are preferably
used for visual reference and verification. The analysis may for example be
done on raw
frame buffer (YUV) of CIF (352x240) resolution at 10fps. The video may for
example be
recorded in11264 compressed format of which resolution and frame rate are user
selectable.
In the exemplary embodiment, supported resolutions and frame rates for
recorder video are
CIF/2CIF/4CIF and 5/10/15/30 fps, respectively, but this will change as
standards and
available equipment change.
[0019] As illustrated in Fig. 2, following frame capture 40, the leak
detection
algorithm goes through a series of stages comprising background modeling 42,
object
detection 44, object characterization 45, decision making 46 and event
notification 48.
Background modeling 41 is carried out as a precursor to the object
identification process and
includes a learning process when first initiated. The frame capture and
background modeling
stage is shown in Fig. 3 in the following steps: 50 a frame is captured at a
time rate
dependent on the hardware, 52 frame processing, again hardware dependent, but
in this
example to ensure the frame is downscaled to a Common Intermediate Format
(CIF) if not
already CIF, 54 check camera illumination, if this requires changing, reset
learning process if
change is a above a user selectable threshold, 56 generate or update an
environmental filter
map, if selected, 57 adjust or set auto contract and 58 generate or update the
background
model from time to time, such as every few seconds. The environmental filter
step 58 may
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CA 02814294 2013-04-29
be obtained from data from an accessory input such as a weather station 34 to
filter out
effects of weather, such as glare, rain or snow.
[0020] An exemplary object detection and characterization process is shown
in Fig.
4, and includes the following steps: 60 a frame is captured at a time rate
dependent on the
hardware, 61 frame processing, again hardware dependent, but in this example
to ensure the
frame is downscaled to a Common Intermediate Format (CIF) if not already CIF,
62 a frame
from the thermal camera 24, such as a YUV encoded frame (though other formats
may be
used), is compared with the background to generate a difference map, 64 blobs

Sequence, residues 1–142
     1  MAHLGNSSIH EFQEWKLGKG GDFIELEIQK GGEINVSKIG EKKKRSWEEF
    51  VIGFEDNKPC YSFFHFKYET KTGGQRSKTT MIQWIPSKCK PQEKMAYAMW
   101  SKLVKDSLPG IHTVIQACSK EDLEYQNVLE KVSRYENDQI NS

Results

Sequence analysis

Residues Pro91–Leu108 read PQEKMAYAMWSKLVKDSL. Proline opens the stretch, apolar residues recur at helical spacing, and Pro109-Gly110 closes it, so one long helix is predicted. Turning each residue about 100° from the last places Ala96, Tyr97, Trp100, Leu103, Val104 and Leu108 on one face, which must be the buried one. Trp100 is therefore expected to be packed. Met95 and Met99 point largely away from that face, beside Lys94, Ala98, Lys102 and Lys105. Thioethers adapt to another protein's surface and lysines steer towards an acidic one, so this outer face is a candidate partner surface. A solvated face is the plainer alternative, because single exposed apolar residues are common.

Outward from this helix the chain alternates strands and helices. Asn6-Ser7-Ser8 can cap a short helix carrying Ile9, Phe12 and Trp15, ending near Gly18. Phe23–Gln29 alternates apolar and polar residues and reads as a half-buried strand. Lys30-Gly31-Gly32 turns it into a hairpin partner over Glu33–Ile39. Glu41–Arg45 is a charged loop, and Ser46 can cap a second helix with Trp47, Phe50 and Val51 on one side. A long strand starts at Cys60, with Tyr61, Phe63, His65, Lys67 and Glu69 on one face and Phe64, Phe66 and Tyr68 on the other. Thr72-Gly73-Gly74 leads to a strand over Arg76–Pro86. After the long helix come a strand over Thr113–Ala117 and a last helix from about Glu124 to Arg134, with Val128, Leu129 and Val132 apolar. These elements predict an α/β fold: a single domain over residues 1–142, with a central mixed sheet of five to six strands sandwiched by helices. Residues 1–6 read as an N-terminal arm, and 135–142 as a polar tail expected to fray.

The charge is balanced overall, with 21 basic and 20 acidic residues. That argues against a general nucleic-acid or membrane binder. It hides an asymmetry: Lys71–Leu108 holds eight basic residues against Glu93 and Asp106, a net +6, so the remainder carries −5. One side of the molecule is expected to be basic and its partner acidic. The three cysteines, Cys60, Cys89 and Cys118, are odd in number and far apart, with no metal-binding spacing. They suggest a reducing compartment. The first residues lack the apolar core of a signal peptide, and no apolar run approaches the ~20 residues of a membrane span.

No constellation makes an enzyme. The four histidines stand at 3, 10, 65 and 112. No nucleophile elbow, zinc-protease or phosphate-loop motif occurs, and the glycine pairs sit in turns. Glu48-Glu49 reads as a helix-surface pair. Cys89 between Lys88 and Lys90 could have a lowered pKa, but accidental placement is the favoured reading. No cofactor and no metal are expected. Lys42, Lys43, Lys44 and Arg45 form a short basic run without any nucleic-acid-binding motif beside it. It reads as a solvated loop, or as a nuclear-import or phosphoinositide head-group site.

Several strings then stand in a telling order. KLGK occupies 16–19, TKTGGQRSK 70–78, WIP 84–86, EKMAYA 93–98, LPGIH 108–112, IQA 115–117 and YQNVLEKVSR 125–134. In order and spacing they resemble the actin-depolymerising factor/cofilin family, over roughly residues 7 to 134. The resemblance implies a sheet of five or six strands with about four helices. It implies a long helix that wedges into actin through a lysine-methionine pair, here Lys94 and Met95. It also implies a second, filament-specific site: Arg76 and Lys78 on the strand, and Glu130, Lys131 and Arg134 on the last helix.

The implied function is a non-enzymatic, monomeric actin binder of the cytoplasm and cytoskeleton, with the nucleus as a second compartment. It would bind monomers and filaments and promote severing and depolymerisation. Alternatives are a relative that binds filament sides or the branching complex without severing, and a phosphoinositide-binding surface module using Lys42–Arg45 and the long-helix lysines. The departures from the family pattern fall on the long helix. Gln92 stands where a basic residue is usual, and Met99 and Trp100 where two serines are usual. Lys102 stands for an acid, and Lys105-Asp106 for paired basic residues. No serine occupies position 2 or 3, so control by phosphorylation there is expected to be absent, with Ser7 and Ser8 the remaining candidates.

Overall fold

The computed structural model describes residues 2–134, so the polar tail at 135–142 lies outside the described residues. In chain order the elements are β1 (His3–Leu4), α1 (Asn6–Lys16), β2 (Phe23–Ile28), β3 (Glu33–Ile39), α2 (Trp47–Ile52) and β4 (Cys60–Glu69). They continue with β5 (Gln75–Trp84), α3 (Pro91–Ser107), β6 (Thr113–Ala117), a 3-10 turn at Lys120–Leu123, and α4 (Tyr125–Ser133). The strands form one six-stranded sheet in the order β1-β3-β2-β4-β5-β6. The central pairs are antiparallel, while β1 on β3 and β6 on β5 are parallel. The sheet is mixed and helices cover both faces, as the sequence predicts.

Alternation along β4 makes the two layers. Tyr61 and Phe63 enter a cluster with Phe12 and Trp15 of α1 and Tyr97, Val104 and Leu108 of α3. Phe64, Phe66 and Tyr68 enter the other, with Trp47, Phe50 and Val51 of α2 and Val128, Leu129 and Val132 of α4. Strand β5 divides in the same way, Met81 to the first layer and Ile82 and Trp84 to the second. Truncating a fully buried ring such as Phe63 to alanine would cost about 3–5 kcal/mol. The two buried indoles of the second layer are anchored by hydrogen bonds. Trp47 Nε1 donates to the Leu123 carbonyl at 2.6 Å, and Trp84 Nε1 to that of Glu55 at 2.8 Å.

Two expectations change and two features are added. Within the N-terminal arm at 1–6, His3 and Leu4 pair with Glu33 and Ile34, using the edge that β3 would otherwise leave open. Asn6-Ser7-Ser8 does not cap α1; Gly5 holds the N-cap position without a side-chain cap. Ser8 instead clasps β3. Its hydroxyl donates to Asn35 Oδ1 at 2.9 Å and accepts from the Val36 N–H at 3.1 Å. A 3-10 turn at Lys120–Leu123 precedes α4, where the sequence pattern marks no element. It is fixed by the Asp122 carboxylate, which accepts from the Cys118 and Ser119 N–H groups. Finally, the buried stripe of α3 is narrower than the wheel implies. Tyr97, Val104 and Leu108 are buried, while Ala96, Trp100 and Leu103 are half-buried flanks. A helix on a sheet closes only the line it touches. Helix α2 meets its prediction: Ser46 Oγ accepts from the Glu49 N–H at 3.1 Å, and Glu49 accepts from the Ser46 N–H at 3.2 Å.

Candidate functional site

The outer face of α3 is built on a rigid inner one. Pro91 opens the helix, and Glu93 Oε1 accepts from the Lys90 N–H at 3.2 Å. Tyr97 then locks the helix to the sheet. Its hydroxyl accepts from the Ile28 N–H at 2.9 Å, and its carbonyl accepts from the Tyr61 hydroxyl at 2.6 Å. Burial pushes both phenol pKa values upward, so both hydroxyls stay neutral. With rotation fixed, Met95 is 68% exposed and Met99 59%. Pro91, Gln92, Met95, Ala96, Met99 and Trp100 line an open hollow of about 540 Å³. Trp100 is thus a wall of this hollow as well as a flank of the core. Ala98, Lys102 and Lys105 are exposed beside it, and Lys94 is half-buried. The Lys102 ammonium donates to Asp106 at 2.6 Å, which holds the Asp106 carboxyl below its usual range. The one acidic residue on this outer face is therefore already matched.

within the
difference frame are detected by any one of a variety of conventional digital
image
processing methods, 65 merge blobs if the distance between blobs (x-y pixel
distance for
example), satisfies a user set distance threshold, 66 filter the blobs for
environmental and/or
size effects (as for the background to remove for example weather effects) and
68 track the
blobs to determine their trajectory and update a list of blobs with the
tracking information,
including an identification code for each blob and the trajectory information
associated with
the blob. Blob detection may use HASM as disclosed in "A low power VLSI
architecture for
mesh-based video motion tracking" Badawy, W.; Bayoumi, M.A. IEEE Transactions
on
Circuits and Systems II: Analog and Digital Signal Processing, Volume 49,
Issue 7, pp 488-
504, July 2002; and also in "On Minimizing Hierarchical Mesh Coding Overhead:
(HASM)
Hierarchical Adaptive Structured Mesh Approach", Badawy, W., and Bayoumi, M.,
Proc.
IEEE Int. Conf. Acoustics, Speech and Signal Processing, Istanbul, Turkey,
June 2000, p.
1923-1926; and "Algorithm Based Low Power VLSI Architecture for 2-D mesh Video-

Object Motion Tracking", IEEE Transactions on Circuits and Systems for Video
Technology, vol. 12, no. 4, April 2002 and United States patent no. 7,986,810.
[0021] In the detection and tracking process of Fig. 4, blobs are detected
as each new
frame is compared and analyzed with the background model to find the
difference. The blobs
may be detected as blob rectangles (set of x-y pixel coordinates forming a
rectangle) or other
polygons. These blob rectangles are further analyzed in order to combine
together to form an
object. This is done in order to interpret one physical object just by one
object and not by
multiple smaller objects.
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CA 02814294 2013-04-29
[0022] The object characterization depends on the analytic. For leak
analytic the
object characterization factors (leak criteria) are: Object has to appear
first inside the area of
interest. Object cannot appear outside the area of interest and move inside.
Object can
disappear in the next frame but can reappear in the following frame. Object
must not move
beyond a defined boundary from where it first appeared in the frame. Object
has to be
within the area of interest in the successive frames before the leak alarm is
set off. Objects
may be characterized as leaks, drips, sprays and pools.
[0023] The decision making algorithm depends on two user defined
parameters:
Time to Alert and Time to Alarm. "Time to Alert" is the time that the
algorithm waits for
until it sets off an "Alert" to warn the user. The alert basically indicates
that there is a
potential leak. "Time to Alarm" is the time till when the algorithm waits
before it turns the
"Alert" into "Alarm" state. The algorithm is shown in Fig. 5. The counter is
linear when
incrementing and non-linear when decrementing. Its decay rate increases while
decrementing. Thus, as shown in Fig. 5, the decision making algorithm follows
these steps:
70 check if the object satisfies leak criteria, 72 if no, capture next frame
and perform object
detection and characterization, 74, if yes, increase the background update
interval, 76 record